Importers will now need to apply for licenses in order to bring laptops, tablets, personal computers and other electronic devices into the country, according to a notice issued by the Ministry of Commerce and Industry on Thursday. Previously, the import of such items was unrestricted.
The ministry didn’t provide a reason for the change in rules, however Modi has aggressively pushed his “Make in India” campaign, which promotes local manufacturing in a bid to create more jobs. It follows a similar curb on smart TV imports in 2020.
India’s electronic imports stood at $19.7 billion in the April to June period, up 6.25% from the same period in 2022, according to Reuters.
India’s push to manufacture domestically comes at a crucial time for the world’s most populous nation, as companies look beyond China to secure crucial supply chains.
India’s working-age population is expected to hit one billion over the next decade, according to the Organisation for Economic Co-operation and Development. Its large and young labor force makes the country a big draw for global companies seeking alternative manufacturing hubs to China.
Earlier this year, India’s commerce minister, Piyush Goyal, said Apple was already making between 5% and 7% of its products in India.
“If I am not mistaken, they are targeting to go up to 25% of their manufacturing,” he said at an event in January.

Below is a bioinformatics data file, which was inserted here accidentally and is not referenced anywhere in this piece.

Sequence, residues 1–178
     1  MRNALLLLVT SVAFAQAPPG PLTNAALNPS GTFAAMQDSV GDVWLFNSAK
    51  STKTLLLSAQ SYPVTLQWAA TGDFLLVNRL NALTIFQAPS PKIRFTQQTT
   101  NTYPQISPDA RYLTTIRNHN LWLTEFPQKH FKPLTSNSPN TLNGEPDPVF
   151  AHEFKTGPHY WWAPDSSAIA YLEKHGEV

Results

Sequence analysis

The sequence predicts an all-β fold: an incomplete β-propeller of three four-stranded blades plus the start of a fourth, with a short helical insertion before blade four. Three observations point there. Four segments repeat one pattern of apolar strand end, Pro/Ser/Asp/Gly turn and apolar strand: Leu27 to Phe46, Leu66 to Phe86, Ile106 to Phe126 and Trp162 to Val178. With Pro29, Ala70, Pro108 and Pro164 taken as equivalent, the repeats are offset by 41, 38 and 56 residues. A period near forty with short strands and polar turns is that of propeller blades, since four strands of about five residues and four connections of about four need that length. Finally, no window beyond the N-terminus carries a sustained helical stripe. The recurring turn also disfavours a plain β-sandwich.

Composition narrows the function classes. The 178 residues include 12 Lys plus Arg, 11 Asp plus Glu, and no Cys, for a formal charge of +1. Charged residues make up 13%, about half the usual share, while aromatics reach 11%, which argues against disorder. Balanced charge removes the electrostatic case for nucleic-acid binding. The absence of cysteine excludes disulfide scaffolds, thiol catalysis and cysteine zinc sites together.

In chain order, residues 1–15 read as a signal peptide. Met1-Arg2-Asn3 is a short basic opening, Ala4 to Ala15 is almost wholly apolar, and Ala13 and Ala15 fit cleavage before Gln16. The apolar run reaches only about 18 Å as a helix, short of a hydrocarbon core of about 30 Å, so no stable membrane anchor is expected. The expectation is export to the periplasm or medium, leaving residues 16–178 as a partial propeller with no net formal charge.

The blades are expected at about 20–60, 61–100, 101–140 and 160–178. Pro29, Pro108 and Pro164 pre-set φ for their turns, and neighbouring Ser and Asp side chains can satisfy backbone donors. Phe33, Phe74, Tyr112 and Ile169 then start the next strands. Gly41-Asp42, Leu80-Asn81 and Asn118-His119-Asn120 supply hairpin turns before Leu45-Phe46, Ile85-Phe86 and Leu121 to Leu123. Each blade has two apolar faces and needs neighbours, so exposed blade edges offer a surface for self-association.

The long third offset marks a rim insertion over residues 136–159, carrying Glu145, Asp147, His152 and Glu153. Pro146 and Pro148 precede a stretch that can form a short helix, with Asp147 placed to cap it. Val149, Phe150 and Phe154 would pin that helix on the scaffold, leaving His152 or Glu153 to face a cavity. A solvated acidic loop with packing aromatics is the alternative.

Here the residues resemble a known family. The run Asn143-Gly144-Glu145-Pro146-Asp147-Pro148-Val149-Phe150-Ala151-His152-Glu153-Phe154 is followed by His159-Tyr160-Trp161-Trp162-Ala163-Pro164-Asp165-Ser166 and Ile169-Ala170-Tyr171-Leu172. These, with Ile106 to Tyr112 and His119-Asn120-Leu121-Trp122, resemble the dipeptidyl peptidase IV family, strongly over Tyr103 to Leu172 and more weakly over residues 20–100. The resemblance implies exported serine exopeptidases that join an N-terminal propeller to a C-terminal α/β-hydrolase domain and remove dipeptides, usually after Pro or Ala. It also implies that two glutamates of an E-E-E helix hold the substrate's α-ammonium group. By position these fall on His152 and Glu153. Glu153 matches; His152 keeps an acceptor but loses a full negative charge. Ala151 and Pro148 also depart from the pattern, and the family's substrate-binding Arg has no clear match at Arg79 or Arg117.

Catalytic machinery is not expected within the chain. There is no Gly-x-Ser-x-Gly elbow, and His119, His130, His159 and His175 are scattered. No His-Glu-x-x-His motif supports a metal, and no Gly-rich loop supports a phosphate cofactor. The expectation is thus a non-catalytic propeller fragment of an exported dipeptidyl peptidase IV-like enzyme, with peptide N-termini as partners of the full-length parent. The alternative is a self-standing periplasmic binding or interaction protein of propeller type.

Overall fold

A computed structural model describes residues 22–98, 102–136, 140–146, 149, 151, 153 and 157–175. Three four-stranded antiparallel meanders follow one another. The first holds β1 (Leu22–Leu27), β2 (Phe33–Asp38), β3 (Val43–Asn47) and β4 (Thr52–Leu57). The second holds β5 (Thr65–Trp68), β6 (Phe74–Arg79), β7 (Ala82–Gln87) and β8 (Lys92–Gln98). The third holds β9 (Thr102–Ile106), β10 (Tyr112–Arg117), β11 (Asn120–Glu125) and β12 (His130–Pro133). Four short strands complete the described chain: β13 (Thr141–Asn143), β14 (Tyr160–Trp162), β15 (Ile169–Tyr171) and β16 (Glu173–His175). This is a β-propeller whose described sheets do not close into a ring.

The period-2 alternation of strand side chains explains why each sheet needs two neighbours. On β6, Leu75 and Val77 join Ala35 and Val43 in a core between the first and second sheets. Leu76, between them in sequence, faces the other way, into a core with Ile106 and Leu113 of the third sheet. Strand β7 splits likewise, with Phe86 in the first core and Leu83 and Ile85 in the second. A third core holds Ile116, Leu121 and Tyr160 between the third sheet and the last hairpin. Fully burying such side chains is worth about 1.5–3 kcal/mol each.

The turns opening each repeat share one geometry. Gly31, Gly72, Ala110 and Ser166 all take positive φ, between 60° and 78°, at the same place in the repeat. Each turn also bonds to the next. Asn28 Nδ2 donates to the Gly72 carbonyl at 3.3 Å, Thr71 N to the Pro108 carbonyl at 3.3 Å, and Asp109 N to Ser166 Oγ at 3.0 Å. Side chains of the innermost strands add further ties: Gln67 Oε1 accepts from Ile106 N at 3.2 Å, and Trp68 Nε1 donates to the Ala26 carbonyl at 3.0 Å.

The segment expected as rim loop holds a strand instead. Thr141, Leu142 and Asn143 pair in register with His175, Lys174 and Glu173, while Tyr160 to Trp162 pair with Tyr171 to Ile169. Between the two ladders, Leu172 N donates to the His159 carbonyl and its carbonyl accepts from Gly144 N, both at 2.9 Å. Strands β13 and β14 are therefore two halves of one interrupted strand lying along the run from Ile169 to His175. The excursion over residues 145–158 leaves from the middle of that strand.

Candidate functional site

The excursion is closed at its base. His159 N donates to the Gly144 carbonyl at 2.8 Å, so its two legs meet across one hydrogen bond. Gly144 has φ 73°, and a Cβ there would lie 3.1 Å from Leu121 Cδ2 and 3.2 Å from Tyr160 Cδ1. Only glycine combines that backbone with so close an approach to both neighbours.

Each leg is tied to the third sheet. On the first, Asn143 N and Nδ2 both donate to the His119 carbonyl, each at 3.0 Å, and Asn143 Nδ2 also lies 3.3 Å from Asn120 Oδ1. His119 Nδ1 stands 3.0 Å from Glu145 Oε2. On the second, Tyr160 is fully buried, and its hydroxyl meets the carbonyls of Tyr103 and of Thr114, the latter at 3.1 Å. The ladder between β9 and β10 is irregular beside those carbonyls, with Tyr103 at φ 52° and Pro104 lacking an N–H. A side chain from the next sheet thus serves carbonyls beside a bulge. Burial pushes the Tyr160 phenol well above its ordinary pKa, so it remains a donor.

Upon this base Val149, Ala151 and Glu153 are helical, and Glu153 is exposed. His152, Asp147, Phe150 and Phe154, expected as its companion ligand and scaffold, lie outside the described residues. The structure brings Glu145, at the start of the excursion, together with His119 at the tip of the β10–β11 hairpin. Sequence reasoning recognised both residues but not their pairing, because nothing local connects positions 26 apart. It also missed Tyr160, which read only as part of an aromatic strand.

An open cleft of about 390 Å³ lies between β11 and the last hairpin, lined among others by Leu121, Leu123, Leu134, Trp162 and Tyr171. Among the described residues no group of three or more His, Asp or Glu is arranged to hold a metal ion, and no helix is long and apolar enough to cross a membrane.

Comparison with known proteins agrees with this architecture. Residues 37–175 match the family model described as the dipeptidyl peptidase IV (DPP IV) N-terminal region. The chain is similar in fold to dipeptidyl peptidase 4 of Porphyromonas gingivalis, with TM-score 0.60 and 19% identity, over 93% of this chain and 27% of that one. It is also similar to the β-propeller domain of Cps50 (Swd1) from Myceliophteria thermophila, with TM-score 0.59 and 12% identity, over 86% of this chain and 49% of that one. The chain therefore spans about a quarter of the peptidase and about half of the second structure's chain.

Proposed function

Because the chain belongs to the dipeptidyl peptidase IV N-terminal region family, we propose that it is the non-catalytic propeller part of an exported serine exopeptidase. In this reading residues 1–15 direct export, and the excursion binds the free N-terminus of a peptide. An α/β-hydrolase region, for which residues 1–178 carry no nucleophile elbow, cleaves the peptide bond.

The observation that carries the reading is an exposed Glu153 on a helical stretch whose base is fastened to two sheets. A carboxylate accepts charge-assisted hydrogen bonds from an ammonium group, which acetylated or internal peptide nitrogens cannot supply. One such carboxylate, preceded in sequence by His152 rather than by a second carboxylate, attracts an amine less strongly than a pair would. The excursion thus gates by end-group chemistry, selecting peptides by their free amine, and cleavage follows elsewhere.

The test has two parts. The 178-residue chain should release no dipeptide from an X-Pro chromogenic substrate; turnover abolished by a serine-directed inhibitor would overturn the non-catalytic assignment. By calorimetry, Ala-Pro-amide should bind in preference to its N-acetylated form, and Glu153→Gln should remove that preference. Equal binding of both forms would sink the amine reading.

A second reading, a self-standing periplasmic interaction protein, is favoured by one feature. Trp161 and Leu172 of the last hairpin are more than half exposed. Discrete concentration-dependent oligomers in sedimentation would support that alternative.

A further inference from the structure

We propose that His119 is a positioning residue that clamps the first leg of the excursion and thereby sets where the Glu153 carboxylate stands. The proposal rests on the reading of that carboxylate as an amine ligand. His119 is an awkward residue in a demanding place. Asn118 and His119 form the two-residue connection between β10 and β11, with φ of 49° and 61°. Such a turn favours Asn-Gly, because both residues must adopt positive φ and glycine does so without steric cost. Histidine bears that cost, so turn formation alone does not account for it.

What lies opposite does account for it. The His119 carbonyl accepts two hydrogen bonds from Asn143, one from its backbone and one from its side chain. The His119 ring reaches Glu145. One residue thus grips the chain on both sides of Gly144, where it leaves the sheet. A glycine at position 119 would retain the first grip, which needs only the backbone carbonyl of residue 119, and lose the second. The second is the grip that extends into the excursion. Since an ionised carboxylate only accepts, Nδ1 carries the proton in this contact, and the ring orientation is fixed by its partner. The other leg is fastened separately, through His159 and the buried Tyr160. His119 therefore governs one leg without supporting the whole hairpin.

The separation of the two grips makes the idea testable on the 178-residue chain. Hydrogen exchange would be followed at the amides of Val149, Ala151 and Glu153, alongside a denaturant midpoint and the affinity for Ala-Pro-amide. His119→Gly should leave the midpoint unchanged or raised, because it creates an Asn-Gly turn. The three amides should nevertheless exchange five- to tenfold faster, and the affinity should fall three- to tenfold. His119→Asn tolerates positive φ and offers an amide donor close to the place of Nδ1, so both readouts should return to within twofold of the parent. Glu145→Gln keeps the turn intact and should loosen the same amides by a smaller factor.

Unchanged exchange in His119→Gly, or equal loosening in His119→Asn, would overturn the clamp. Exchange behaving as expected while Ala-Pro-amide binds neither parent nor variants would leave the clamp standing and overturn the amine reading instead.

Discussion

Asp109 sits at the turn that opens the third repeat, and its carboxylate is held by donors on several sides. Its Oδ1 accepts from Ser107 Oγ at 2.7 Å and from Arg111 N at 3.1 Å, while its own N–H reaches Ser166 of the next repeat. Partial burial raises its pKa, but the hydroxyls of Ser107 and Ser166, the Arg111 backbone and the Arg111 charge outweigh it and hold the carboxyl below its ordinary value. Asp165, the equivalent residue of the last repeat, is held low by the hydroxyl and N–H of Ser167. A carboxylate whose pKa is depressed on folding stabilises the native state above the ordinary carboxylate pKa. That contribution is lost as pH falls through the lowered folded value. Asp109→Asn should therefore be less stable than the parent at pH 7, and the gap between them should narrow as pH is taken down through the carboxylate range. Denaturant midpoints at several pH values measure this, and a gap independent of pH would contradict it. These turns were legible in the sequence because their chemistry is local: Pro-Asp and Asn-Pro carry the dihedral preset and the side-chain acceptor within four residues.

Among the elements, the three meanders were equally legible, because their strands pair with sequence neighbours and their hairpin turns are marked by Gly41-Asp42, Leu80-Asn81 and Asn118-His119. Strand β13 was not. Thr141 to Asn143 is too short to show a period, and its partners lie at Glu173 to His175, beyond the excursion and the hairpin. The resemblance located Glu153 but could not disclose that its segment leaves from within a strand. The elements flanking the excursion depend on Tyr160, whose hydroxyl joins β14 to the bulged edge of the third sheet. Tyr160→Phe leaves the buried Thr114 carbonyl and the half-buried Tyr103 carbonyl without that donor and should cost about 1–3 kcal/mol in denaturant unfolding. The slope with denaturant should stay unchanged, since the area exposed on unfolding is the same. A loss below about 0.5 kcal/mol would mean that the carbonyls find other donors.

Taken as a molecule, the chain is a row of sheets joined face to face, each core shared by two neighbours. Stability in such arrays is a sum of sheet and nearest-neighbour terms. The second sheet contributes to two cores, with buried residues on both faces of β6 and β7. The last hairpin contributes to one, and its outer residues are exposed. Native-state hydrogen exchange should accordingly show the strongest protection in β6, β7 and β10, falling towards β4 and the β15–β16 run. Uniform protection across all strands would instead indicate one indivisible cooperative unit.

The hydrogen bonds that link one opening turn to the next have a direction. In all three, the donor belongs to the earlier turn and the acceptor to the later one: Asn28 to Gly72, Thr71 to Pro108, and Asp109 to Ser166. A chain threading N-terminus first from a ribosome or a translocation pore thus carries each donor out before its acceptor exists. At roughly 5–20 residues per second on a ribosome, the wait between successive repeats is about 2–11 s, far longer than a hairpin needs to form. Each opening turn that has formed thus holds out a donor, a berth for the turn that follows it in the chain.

In June, US chipmaker Micron (MICR) announced a new factory in the western state of Gujarat, calling it the country’s first semiconductor assembly and test manufacturing facility.
The venture will see Micron invest up to $825 million and create “up to 5,000 new direct Micron jobs and 15,000 community jobs over the next several years,” according to the company.
Foxconn, the world’s largest contract electronics maker and a key supplier to Apple, is also looking to expand its manufacturing operations in India.
Last month, it abruptly announced it was exiting an ambitious $19.4 billion joint venture with Vedanta (VEDL), an Indian metals and energy conglomerate, to help build one of the country’s first chip factories.
But, the company said it was still committed to investing in Indian chipmaking and was applying to a government program that subsidizes the cost of setting up semiconductor or electronic display production facilities in the country.